"AARP is also deeply disappointed that Senator Casey voted today for continuing the status quo and against lower prescription drug prices for his constituents," said Chevrefils. "With brand name drug prices rising at alarming rates, we hope he will further review the negative impact on the people of Pennsylvania and reconsider his position."

Making prescription drugs more affordable has long been one of AARP's top priorities. The Dorgan-Snowe-McCain-Grassley-Stabenow importation amendment would have been a first step toward lowering the cost of medications in this country. AARP will continue to fight for this amendment and against the unnecessary roadblocks that could prevent its implementation.

AARP notified the 111th Congress that it was tracking roll call votes on key legislation important to its nearly 40 million members and reporting the outcomes of these votes back to its members and all older Americans. "When Americans understand the issues and where their lawmakers stand, they can make smart decisions," said Chevrefils. "AARP will be there to give our members, as well as all Americans, the most accurate information we can."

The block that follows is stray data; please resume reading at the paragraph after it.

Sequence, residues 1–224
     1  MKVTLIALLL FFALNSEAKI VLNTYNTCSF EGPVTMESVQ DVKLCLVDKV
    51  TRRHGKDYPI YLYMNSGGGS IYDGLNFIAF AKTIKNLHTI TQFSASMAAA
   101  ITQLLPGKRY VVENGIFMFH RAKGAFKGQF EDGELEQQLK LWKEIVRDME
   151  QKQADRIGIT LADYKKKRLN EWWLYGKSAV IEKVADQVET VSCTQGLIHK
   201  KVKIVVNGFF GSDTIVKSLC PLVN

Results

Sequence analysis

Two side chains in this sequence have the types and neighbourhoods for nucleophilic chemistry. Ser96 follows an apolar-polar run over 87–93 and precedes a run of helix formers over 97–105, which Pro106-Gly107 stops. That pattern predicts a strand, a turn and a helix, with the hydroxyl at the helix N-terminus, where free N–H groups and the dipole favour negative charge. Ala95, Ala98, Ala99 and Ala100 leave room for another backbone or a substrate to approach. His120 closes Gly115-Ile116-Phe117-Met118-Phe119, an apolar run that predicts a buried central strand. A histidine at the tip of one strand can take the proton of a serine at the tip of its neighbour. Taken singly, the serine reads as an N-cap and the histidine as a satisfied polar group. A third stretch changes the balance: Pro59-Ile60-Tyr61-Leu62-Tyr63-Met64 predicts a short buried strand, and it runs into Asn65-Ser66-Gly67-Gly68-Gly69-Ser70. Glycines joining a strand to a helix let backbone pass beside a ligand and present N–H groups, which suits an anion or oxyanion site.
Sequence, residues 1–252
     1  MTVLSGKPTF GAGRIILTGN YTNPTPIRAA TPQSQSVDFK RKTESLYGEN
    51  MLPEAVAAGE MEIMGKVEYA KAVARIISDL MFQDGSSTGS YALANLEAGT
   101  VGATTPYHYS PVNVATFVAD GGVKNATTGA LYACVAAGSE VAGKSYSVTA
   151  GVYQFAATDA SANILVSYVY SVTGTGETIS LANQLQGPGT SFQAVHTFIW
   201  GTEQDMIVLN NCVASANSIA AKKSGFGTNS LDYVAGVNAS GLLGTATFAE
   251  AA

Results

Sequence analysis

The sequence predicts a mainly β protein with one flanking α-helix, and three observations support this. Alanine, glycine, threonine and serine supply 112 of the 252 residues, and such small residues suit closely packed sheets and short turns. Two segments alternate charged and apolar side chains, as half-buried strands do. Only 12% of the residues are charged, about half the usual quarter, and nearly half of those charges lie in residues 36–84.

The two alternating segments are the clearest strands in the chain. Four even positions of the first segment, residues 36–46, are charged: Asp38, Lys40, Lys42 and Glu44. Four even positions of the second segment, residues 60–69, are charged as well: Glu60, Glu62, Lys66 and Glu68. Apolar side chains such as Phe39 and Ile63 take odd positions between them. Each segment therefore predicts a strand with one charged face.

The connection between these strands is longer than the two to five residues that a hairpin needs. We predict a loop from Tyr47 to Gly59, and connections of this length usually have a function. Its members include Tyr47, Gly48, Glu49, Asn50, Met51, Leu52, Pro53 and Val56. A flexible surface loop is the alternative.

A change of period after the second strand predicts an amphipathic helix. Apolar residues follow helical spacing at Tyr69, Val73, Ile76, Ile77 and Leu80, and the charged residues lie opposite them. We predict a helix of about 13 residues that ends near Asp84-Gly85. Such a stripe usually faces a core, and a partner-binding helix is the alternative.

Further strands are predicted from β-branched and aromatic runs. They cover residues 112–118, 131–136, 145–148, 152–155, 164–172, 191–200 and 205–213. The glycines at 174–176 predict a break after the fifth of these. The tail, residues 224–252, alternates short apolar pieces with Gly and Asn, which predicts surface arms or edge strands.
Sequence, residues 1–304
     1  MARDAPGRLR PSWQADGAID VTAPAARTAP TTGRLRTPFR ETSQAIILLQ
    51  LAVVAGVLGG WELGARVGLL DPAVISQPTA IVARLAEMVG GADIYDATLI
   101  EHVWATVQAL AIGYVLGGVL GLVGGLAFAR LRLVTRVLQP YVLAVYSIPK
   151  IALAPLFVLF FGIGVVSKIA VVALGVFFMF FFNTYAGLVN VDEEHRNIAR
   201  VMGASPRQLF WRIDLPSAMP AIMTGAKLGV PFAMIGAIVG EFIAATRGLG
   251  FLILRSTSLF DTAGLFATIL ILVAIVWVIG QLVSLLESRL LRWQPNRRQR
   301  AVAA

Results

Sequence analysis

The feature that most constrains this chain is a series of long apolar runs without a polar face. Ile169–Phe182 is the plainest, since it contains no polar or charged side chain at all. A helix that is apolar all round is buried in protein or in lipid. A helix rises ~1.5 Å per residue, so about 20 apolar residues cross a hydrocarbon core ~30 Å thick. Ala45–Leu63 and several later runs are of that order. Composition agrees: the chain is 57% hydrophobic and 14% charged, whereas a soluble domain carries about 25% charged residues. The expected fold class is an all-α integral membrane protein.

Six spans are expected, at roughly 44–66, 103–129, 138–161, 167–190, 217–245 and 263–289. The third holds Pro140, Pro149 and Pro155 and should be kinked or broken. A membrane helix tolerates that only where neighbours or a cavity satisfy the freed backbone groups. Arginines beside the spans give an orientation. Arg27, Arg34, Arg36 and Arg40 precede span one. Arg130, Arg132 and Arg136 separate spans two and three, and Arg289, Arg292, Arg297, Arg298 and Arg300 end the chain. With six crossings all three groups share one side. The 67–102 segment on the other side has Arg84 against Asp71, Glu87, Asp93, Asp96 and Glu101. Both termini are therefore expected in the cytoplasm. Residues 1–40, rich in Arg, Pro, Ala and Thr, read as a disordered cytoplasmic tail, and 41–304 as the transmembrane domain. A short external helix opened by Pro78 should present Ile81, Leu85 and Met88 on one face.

AARP members and all older Americans can see how their representatives voted on health care reform by going to AARP's Government Watch is a one-stop online portal that will be tracking and publicizing every designated key vote on issues facing Americans age 50-plus. A "Key Vote Summary" highlighting votes on these issues will be published at the end of each congressional session.

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Monday, December 14, 2009

United Nations Kicks NGOs Out of COP-15 Climate Conference

/PRNewswire/ -- The United Nations announced today it is permanently banning thousands of accredited non-governmental organizations from the COP-15 climate conference in Copenhagen.